The amount of money an insurance policyholder would get from selling the policy back to the insurance company Only some kinds of life insurance policies, such as whole life policies, have a surrender value. Term life insurance has no surrender value. (See also: avails)

1) A person acting on behalf of another or a substitute, including a woman who gives birth to a baby of a mother who is unable to carry the child. 2) A judge in some states responsible only for probates, estates, and adoptions.

Surrogate Court
See: probate court

Surrogate Court
See: probate court

The act of observing persons or groups either with notice or their knowledge (overt surveillance) or without their knowledge (covert surveillance). Intrusive surveillance by private citizens may give rise to claims of invasion of privacy. Police officers, as long as they are in a place they have a right to be, can use virtually any type of surveillance device to observe property. Police cannot use specialized heat-scanning surveillance devices to obtain evidence of criminal activity inside a home. Law enforcement officials acquired additional surveillance capability following enactment of The Patriot Act.

Surviving Spouse
A widow or widower.

Surviving Spouse's Trust
When a couple creates a bypass (AB) trust, the revocable trust of the surviving spouse after one spouse has died.

A person who outlives another. The term is often used in wills and trust documents. For example a will might leave property "to my sons, Arnold and Zeke, or the survivor." If only one son is alive at the time the property is distributed, it would all go to him.

Survivors Benefits
An amount of money available to a deceased worker's surviving spouse and minor or disabled children, if the deceased worker qualified for Social Security retirement or disability benefits.

See: right of survivorship

Suspect Classification
In constitutional law, a group that meets certain qualifications that make the group likely subjects of discrimination. Suspect classifications include those based on race, national origin, and alienage.

Suspended Sentence
A criminal sentence that is not enforced unless the defendant fails to meet conditions imposed by the judge (such as a requirement to make restitution to victims or perform certain services) or commits another crime.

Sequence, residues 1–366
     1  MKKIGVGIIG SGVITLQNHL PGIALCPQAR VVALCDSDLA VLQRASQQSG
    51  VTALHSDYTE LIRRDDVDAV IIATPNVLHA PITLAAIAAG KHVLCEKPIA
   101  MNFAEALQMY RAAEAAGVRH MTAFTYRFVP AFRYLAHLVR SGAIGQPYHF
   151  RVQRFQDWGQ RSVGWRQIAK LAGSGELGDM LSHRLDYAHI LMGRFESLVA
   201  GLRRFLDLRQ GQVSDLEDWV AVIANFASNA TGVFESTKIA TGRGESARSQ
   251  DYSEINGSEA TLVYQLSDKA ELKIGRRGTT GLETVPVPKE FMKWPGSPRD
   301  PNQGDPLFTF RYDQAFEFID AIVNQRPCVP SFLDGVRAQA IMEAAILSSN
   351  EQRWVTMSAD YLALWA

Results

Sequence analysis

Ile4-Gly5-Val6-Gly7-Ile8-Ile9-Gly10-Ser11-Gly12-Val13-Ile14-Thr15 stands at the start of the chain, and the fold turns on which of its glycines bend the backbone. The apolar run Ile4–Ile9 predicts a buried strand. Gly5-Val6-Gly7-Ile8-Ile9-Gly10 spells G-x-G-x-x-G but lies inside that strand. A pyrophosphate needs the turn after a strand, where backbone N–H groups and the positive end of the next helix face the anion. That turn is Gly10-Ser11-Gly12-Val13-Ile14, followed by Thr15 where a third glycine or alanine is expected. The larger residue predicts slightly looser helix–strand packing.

Suspension Of Deportation
An immigration remedy that is no longer available (with rare exceptions), it allowed undocumented immigrants placed into deportation proceedings to request permanent resident status on the basis of 1) continuous physical presence in the United States for at least seven years; 2) good moral character during this period; and 3) that the applicant's departure from the U.S. would cause "extreme hardship" to the applicant or any qualifying U.S. citizen or lawful permanent resident relatives, including spouse, parents, or children. The nearest remedy available now is called "cancellation of removal."

To agree with or rule in favor of a party in court. For example, if a judge agrees with an attorney's objection to a question at trial, the judge will say "objection sustained."

1) To declare under oath that one will tell the truth (sometimes "the truth, the whole truth, and nothing but the truth"). Failure to tell the truth, and to do so knowingly, is the crime of perjury. 2) To administer an oath to a witness that he or she will tell the truth, which is done by a notary public, a court clerk, a court reporter, or anyone authorized by law to administer oaths. 3) To install into office by administering an oath.

Swearing Match
A case that turns on the word of one witness versus another. The outcome of a swearing match usually depends on whom the jury finds most trustworthy.

Sweat Equity
An ownership interest in property that results from the hard labor a person puts into improving it. For example, Jenny gave her brother James a share of her new business in exchange for the hundreds of hours he worked to help her start it up.

Swift Witness
See: zealous witness

To cheat through trick, device, false statements, or other fraudulent methods with the intent to acquire money or property from another to which the swindler is not entitled. (See also: fraud, theft)

A joint venture among individuals or corporations to accomplish a particular business goal, such as the purchase, development, and sale of real estate, followed by division of the profits. A syndicate is similar to a partnership, but it has a specific objective or purpose after the completion of which it will dissolve.